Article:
13. Strumming Symmetry

 A tie is a music symbol that indicates 2 notes played together, with only the first one sounded. In other words, the first note is played and held for the duration of itself and the note it is tied to.

Example:    

 

The half note is tied to the eighth note, so the total length is the half note plus the eighth note, but the eighth note is not played. When strumming the guitar, the right hand up and down strokes are affected to maintain symmetry. In the measure below, the 4th eighth note (&) is tied to the 5th one (3), so when counting the measure, we say “one and two and (pause) and four and”, not saying “three”, but pausing to fill the time created by the tie. This “silence” is, of course, is the first note of the tie being held through the count of “three”.  In the same way we do not say “three”, also DO NOT PLAY the corresponding downstroke,  instead simply “whiff”, that is, execute the stroke but do not contact the strings.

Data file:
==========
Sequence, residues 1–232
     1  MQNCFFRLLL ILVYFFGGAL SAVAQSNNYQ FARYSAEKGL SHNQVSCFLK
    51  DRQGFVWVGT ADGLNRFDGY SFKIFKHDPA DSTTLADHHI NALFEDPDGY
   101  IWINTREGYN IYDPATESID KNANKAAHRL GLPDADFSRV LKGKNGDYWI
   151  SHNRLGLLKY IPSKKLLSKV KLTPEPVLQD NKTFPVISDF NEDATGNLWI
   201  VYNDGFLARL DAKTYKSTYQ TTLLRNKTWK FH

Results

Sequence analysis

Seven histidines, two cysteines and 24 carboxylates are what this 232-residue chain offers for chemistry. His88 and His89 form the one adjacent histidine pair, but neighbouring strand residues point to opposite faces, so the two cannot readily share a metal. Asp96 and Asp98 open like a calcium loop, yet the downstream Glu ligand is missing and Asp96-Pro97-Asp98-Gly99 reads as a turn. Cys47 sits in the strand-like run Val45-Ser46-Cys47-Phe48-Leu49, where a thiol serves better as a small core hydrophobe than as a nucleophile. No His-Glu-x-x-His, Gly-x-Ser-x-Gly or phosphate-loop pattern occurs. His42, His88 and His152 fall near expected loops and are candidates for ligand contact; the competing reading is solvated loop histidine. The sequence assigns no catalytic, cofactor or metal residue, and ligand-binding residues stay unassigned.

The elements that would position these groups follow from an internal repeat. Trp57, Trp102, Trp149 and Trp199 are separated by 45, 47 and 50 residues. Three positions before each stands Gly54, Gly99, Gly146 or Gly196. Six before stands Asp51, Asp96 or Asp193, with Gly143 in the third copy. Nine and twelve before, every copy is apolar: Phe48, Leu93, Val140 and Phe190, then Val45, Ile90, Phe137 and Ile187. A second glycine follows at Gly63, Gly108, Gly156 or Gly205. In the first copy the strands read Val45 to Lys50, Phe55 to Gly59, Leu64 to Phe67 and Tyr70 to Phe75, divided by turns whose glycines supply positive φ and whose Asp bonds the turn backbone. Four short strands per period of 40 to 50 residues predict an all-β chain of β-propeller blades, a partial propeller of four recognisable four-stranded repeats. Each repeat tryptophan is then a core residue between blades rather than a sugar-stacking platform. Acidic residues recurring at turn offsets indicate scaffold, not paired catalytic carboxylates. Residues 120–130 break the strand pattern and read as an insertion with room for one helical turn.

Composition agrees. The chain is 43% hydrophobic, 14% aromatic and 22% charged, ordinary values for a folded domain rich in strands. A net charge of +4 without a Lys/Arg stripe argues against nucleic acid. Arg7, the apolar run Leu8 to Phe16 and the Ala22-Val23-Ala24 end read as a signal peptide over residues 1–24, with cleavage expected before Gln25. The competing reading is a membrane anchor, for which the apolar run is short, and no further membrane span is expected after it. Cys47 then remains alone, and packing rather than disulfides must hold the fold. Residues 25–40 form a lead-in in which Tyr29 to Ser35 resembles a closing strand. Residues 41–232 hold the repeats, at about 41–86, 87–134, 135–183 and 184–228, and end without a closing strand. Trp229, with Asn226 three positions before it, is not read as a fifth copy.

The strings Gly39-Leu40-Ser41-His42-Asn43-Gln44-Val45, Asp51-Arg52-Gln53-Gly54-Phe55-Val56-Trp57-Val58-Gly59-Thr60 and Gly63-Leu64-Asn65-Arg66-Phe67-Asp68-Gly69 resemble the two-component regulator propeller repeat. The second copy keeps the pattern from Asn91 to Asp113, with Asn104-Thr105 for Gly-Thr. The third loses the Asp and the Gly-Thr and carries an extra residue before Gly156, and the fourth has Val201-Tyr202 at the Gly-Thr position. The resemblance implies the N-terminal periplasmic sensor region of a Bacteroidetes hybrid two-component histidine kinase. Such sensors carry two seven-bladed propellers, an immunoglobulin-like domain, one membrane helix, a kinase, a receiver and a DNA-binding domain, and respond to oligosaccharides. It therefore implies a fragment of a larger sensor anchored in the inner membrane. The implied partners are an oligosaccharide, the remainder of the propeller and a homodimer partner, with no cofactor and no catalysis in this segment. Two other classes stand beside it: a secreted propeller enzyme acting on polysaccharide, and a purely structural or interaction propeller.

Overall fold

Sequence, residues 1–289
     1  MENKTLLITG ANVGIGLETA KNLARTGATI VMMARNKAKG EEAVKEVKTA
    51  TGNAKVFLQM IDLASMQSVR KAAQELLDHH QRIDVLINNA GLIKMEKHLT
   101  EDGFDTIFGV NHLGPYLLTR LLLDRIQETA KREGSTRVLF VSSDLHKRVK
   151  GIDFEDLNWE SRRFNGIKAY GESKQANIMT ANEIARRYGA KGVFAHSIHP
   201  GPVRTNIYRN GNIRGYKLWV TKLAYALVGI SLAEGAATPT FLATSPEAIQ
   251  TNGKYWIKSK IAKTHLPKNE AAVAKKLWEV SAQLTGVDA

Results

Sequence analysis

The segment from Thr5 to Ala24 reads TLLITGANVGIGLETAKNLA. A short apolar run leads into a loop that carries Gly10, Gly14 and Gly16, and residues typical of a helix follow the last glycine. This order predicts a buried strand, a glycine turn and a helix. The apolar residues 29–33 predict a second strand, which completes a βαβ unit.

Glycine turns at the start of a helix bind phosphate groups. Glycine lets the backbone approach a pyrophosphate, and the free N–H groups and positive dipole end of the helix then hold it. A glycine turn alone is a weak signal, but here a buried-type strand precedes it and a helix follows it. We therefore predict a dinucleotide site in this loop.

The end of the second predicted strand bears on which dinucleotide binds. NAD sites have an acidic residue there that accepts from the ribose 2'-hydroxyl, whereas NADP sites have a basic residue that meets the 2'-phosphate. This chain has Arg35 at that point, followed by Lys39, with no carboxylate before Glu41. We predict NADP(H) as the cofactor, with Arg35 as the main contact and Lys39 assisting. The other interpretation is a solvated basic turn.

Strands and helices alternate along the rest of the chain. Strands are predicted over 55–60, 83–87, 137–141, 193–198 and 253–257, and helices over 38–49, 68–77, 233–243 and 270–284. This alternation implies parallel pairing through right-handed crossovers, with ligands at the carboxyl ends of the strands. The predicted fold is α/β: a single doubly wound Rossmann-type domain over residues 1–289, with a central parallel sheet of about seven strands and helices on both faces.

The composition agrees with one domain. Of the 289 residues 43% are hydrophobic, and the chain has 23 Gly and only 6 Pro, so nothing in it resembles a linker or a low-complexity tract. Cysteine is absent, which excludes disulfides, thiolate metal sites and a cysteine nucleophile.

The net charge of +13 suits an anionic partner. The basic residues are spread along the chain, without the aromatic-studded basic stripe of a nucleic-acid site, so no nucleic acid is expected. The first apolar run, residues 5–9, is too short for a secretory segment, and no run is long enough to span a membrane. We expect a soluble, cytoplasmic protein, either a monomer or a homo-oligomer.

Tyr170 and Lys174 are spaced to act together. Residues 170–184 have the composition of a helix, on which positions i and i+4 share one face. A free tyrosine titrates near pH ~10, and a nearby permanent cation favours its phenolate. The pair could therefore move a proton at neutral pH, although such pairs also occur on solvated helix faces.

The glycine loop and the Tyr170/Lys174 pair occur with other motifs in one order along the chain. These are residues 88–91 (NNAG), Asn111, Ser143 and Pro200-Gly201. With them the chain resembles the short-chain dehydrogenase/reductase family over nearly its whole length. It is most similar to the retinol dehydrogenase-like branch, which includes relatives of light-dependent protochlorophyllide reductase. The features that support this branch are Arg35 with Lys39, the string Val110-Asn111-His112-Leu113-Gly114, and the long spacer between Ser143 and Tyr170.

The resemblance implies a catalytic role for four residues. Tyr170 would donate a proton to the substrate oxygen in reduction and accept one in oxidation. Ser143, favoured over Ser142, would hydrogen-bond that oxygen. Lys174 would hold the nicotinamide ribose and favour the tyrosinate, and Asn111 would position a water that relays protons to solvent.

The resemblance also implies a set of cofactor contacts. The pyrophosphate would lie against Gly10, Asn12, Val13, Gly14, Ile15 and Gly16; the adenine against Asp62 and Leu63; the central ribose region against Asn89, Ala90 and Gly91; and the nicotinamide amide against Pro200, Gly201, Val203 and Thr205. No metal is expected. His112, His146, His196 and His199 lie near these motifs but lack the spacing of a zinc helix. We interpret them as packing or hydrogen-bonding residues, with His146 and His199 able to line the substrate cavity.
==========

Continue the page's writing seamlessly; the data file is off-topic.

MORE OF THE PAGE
Here it is played, with em chord:

 

 Here is another. The “four” is not said, and the corresponding downstroke is not played.

Played, with am chord:

 

 Play these and the others on the practice page, until you can mix them easily from measure to measure.

 

©2012  Jim Greenfield